Like Tiny Tim, Cindy Lou Who, George Bailey and Hermey the Misfit Elf, I too have some Christmas wishes as this Year from Hell for journalists comes to a merciful end.
It is my Christmas wish that media company managers stop laying off the most experienced of their news gatherers, whether they work in print, TV, radio or the Web. This nasty economy is turning into some very handy camouflage for dumping big salaries that not so long ago were viewed as investments. Let’s see; you spend the money to develop and nurture experience so you can build up viewer/reader/listener trust, you mention that trust and credibility in countless promotional materials, then when times get tough, these are the first people to go? How do you expect your audiences to react to all this? Contrary to popular stereotypes, not all of the people being let go are newsroom deadwood, burnout cases, Ron Burgundys squeezing in 30 minutes of work in between three-hour dinners and personal appearances.
Transitioning to the Web
It is my Christmas wish that if news management types do see the need to cut back on staff, those managers give the traditional media layoff victims the option of transferring their experience, institutional memory and storytelling skills to their company’s Web divisions. Talk about investments; retrain these journalists for the new century. Teach them HTML, online editing, audio podcast recording. Let them report/blog, shoot/edit their own video, edit copy, design Web pages, contribute to digital media strategy. Some will say “no thanks” and head for the nearest PR firm or local university. But some might grab the chance to transform into a digital newshound. The cut in pay will no doubt draw blood, but they won’t be hemorrhaging on the street. And you get somebody who knows their way around a story.
It is my Christmas wish that if news managers and the corporations they work for are still floundering around for some kind of Web strategy, then they need to get damn busy working on one. After all, it is the oft-mentioned democratizing forces of the Internet and news-on-demand technology that are helping to tighten the noose around traditional media’s neck. If you’re behind the curve on how to use Web 2.0 tools to help your news divisions tell their stories, then you’re not just missing out on all those online ad dollars that could help fill some of the void — not much right now, granted, but some — left by the absence of car dealership commercials on your 11 p.m. newscasts. You also won’t be able to hear your audience help you do your job.
Twenty-nine years in journalism have left me a tad cynical — even at this time of the year — so I won’t be holding my breath waiting for a Capra-esque ending for my Christmas wish list. Tiny Tim got his Christmas goose and blessings, Cindy Lou Who got the Grinch to serve roast beast, George Bailey got to live again and Rudolph’s buddy Hermey became a member in good standing of the American Dental Association. And me? Well, those bulges in my Christmas stocking are probably just lumps of high-grade anthracite, and I’ll bet Santa won’t even include any carbon offsets.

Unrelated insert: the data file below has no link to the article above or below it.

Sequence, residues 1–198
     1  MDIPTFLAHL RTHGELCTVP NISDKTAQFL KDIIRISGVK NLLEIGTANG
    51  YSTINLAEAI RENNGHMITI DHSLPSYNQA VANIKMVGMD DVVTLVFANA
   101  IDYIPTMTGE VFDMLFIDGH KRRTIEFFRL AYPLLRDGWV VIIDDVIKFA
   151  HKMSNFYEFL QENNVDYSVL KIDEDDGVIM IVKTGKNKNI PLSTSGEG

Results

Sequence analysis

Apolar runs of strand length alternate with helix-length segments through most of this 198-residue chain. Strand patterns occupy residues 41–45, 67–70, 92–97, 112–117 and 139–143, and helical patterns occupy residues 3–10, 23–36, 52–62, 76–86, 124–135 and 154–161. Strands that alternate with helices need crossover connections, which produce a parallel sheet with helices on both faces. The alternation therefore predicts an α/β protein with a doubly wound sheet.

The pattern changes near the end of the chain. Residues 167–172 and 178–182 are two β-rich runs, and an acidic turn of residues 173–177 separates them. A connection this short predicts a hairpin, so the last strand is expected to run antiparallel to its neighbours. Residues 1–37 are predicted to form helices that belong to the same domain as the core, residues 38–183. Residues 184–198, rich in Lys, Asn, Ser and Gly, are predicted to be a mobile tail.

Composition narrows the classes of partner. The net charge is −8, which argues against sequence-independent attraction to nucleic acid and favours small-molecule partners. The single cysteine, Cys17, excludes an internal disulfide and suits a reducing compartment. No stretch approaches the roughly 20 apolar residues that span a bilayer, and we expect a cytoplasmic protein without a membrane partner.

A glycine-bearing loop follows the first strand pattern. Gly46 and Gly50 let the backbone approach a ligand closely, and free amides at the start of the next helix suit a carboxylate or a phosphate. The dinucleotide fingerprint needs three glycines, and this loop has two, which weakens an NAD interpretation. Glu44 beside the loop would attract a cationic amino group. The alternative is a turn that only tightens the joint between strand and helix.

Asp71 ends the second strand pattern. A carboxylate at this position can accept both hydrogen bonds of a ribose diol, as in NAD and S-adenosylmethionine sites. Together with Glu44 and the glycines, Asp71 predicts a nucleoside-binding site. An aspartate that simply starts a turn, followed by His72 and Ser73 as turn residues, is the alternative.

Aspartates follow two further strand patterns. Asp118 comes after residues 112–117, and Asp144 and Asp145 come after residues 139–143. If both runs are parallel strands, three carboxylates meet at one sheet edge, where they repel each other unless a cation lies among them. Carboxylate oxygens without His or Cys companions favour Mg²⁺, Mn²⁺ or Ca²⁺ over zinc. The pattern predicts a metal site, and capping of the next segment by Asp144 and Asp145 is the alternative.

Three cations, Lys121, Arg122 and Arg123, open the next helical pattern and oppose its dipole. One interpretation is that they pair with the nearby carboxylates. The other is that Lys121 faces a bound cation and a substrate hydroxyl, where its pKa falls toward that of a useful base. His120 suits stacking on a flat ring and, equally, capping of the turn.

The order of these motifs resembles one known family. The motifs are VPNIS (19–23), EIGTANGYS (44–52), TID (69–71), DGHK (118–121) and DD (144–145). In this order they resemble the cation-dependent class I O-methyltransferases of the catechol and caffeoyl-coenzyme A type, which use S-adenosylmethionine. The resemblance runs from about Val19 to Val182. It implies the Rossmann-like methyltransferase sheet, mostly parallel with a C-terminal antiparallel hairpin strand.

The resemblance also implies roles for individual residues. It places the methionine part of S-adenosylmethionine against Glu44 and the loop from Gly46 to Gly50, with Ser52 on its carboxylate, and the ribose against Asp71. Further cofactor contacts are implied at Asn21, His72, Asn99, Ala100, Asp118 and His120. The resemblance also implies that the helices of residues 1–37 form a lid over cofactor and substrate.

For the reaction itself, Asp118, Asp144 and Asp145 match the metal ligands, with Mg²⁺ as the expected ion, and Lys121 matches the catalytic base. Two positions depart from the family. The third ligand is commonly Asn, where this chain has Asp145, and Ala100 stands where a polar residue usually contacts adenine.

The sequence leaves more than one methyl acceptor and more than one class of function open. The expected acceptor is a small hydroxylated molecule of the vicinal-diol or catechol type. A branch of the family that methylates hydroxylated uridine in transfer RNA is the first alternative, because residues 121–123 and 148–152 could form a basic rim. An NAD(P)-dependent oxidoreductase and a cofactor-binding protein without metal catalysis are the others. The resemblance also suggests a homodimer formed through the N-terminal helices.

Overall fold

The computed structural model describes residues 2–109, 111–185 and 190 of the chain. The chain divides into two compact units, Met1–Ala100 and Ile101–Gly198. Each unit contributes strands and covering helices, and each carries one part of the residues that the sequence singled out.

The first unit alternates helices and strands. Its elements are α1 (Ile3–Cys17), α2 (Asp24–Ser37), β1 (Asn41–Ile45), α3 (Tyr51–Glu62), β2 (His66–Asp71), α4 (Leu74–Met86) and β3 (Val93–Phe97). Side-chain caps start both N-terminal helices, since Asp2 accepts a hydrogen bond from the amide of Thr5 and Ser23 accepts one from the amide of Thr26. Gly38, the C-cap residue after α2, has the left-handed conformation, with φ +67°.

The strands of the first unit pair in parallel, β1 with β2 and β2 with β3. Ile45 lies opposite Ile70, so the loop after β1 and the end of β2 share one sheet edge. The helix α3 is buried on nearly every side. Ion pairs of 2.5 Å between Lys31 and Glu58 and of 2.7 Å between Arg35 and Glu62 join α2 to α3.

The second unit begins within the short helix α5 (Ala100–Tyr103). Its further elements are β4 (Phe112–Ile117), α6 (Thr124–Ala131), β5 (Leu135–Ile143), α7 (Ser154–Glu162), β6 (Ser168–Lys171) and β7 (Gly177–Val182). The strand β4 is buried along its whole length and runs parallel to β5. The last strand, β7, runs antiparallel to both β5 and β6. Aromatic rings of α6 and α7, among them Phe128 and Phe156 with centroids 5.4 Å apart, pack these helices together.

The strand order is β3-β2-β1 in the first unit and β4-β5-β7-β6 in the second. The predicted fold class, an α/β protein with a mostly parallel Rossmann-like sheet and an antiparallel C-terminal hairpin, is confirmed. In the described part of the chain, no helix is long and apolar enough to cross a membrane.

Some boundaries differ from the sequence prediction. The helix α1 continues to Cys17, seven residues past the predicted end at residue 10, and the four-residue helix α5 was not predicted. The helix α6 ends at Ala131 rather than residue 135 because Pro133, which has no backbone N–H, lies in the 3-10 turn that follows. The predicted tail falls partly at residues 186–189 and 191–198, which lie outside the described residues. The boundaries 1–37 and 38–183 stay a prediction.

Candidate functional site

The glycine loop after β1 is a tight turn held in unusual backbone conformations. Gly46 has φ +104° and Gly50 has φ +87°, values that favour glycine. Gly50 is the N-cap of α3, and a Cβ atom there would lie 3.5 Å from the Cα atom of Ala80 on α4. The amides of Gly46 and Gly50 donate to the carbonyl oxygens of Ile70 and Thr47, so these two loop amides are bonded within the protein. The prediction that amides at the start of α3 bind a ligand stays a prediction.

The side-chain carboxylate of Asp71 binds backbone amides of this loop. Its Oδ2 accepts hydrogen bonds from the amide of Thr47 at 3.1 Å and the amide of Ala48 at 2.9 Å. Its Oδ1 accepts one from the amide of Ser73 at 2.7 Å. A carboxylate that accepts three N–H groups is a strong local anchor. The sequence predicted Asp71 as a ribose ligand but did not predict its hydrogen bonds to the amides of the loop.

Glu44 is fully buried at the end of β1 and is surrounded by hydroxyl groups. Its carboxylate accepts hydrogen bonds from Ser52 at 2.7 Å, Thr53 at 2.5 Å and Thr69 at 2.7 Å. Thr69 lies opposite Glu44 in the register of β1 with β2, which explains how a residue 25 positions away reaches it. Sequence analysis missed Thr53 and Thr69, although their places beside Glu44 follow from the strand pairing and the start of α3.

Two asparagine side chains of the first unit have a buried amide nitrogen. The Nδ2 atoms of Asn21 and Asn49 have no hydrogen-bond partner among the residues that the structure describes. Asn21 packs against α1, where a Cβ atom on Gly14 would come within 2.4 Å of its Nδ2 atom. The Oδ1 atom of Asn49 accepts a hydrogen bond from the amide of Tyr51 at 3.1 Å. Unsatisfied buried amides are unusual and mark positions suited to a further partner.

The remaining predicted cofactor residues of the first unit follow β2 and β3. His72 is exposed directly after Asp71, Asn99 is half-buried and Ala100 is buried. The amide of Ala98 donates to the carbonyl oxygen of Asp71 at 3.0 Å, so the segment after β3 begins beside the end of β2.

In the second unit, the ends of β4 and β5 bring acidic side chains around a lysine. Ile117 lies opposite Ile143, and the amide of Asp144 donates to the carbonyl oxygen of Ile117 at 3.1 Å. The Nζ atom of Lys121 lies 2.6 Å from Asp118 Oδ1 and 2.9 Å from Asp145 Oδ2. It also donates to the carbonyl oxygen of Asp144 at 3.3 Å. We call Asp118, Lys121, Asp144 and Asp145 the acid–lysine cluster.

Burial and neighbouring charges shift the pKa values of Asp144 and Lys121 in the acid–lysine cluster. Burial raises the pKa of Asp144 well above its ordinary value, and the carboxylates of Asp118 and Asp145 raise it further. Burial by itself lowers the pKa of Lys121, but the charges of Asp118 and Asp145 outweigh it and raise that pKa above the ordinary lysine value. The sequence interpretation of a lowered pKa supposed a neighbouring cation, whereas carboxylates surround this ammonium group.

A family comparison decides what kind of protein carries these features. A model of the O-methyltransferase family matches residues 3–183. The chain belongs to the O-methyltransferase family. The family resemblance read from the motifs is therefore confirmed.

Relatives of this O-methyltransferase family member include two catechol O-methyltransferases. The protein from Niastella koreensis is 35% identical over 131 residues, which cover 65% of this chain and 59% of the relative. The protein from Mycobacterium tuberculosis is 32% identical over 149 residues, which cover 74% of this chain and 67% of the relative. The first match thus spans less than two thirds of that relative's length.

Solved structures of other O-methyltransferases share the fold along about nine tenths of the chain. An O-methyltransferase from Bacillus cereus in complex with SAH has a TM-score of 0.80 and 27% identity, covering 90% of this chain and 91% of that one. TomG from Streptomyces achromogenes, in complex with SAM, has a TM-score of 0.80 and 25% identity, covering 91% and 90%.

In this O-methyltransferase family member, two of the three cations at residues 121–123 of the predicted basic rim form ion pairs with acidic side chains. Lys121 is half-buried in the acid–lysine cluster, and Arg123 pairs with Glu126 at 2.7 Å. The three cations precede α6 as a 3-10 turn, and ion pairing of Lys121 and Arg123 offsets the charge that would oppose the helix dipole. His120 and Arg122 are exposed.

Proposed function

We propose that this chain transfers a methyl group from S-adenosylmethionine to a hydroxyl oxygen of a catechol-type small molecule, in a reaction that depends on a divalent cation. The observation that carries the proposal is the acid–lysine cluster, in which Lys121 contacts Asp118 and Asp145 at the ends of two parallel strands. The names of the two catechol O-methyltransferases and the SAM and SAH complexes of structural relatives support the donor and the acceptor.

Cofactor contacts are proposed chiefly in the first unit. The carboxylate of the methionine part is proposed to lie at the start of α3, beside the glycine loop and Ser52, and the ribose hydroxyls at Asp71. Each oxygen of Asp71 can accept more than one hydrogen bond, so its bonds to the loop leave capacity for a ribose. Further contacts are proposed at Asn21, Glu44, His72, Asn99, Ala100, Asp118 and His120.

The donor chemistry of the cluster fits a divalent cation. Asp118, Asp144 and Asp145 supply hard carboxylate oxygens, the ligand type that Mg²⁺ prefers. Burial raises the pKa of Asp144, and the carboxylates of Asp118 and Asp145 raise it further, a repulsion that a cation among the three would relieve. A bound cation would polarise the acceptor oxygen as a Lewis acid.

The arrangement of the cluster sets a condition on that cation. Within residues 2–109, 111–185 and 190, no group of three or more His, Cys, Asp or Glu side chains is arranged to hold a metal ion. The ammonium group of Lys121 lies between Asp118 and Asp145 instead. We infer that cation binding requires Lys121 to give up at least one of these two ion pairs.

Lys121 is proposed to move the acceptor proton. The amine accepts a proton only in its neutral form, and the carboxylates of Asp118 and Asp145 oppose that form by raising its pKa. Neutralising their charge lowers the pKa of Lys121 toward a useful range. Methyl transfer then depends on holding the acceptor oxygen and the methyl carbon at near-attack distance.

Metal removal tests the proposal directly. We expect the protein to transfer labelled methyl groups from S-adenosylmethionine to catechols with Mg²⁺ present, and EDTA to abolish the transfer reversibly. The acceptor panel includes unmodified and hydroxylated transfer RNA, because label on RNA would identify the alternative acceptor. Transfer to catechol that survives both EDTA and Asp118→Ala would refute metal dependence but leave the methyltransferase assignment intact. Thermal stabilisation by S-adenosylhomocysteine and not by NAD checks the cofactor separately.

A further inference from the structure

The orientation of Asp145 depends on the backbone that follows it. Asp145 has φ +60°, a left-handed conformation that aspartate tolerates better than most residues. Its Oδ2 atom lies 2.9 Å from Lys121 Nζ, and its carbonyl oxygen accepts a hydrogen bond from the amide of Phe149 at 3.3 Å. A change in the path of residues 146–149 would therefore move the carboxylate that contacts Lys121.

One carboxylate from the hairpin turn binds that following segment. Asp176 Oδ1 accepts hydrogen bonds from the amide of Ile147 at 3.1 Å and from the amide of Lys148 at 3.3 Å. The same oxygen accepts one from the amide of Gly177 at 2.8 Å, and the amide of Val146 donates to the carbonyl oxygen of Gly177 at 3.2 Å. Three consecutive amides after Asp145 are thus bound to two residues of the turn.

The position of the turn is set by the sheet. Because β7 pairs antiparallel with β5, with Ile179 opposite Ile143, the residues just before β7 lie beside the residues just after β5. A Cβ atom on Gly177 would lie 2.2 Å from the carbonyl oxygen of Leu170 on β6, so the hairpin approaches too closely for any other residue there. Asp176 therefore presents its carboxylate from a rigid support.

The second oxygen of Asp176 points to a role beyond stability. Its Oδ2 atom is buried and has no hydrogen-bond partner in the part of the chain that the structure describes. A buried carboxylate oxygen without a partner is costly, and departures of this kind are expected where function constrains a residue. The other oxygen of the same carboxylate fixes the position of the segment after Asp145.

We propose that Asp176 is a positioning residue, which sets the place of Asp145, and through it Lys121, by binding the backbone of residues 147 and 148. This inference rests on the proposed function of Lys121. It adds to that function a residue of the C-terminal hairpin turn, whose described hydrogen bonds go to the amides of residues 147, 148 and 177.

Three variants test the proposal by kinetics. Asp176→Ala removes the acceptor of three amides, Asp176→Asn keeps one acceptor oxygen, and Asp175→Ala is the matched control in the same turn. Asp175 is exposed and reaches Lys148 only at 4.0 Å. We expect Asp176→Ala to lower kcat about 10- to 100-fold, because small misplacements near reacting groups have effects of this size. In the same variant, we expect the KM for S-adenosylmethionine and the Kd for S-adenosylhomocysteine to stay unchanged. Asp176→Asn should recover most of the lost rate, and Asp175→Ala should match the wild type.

This Christmas Story Is on the Web
Last week I wrote on this Web site about CNN killing its science/technology unit, just in time for the holidays. This week I read on the TV Newser Web site about more journalistic experience — former colleagues — getting shown the door at Time Warner Center in New York, the network’s Washington D.C. bureau and CNN Center in Atlanta. It also happened to on-air and behind-the-scenes staffers at NBC and CNBC. The last few daily editions of the broadcast news industry gadfly Web site Newsblues.com has become a layoff litany of local TV employees getting the axe.
If technology and the Internet are helping to speed up the destruction of traditional media, then maybe there’s some schadenfreude being felt in those newsrooms when they hear of staffers at technology and financial news Web sites being laid off in recent weeks. Whom the gods would destroy, they first make tech bloggers.
I noticed earlier this year that LinkedIn, the social network for professionals (as opposed to the network for professional social networkers) was the place to go to find out what some of my former news colleagues and acquaintances were doing with their post-newsroom lives. A good many were in media relations, but others were taking baby steps into digital media content. A few are getting into digital media relations. Some are also turning up on Facebook. And many are using the social networks to vent.
LinkedIn allows users to join groups focused on various professions, and those users get to ask questions or seek comments from their fellow group members. As a member of the Radio and Television Professionals Network at LinkedIn, I was curious about the discussion thread that developed when someone posted the Nov. 30 New York Times article, “A Generation of Local TV Anchors is Signing Off,” detailing the economic and technological forces at work behind high-priced, experienced talent getting the boot in various markets.